Note: It is difficult to determine when exactly the Roman Empire ends and the Byzantine Empire begins; Diocletian split the Roman Empire into eastern and western halves for administrative purposes in 284. Candidates for the "first" Byzantine emperor include Constantine I (the first Christian emperor, who moved the capital to Constantinople), Valens (the Battle of Adrianople (378) provides one of the traditional cut-off events to mark the start of the medieval period), Arcadius (treating Theodosius I as the last emperor of a single Roman Empire), and Zeno I (as the last western emperor Romulus Augustus was deposed during his reign). Others date the beginning of the Empire even as late as Heraclius (who replaced the traditional Roman imperial title of "Augustus" with "Basileus", the Greek word for "Emperor", and discontinued the use of Latin by making Greek the official language). Numismatists note the monetary reforms of Anastasius I in 498, which used the Greek numbering system. Of course, the Byzantines themselves continued to think of their empire as "Roman" for over a millennium.
Roman Empire is also used as translation of the expression Imperium Romanum, probably the best known Latin expression where the word "imperium" is used in the meaning of a territory, the "Roman Empire", as that part of the world where Rome ruled.
Roman titles of power were adopted by successor states and other entities with imperial pretensions, including the Frankish kingdom, the Holy Roman Empire, the first and second Bulgarian empires, the Russian/Kiev dynasties, and the German Empire.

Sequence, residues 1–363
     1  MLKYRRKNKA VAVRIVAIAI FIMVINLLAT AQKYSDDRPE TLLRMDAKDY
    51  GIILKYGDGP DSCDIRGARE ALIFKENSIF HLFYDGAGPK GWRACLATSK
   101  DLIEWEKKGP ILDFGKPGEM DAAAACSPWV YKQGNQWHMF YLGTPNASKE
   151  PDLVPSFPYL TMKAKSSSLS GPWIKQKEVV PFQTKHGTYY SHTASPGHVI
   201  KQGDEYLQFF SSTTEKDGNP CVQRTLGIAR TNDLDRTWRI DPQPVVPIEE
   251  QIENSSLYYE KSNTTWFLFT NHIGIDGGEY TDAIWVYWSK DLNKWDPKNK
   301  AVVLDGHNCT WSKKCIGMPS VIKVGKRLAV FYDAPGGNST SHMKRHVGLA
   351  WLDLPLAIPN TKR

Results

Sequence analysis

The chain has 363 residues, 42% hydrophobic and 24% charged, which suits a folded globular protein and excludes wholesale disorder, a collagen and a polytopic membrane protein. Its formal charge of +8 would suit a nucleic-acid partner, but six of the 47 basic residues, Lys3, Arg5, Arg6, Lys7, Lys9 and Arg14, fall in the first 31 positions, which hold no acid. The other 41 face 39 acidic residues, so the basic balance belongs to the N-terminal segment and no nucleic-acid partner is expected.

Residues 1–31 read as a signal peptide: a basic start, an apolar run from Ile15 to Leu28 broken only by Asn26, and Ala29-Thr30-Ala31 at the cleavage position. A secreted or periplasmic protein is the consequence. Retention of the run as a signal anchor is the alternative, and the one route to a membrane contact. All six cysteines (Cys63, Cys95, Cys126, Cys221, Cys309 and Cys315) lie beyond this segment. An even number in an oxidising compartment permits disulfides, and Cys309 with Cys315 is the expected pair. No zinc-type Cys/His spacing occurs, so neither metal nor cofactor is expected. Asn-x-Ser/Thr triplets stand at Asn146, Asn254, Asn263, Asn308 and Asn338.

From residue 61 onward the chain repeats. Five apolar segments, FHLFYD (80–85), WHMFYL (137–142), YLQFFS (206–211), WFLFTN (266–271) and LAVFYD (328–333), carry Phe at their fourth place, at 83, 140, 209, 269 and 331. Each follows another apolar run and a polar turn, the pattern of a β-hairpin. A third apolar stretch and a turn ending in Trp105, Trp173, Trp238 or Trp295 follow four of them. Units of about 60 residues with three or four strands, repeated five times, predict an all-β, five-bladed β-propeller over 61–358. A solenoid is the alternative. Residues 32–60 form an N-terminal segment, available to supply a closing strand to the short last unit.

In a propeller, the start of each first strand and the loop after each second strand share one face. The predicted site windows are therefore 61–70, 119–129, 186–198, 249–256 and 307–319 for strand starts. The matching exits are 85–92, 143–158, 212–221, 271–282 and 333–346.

The Holy Roman Empire, an attempt to resurrect the Empire in the West, was established in 800 when Pope Leo III crowned Charlemagne as RomanEmperor on Christmas Day, though the empire and the imperial office did not become formalized for some decades.
The forced suicide of emperor Nero, in 68, was followed by a brief period of civil war (the first Roman civil war since Antony's death in 31 BC) known as the year of the four emperors.
The emperors of this period were Nerva (96â98), Trajan (98â117), Hadrian (117â138), Antoninus Pius (138â161) and Marcus Aurelius (161â180), each being adopted by his predecessor as his successor during the former's lifetime.
The Western Roman Empire was divided among the eldest son Constantine II and the youngest son Constans.
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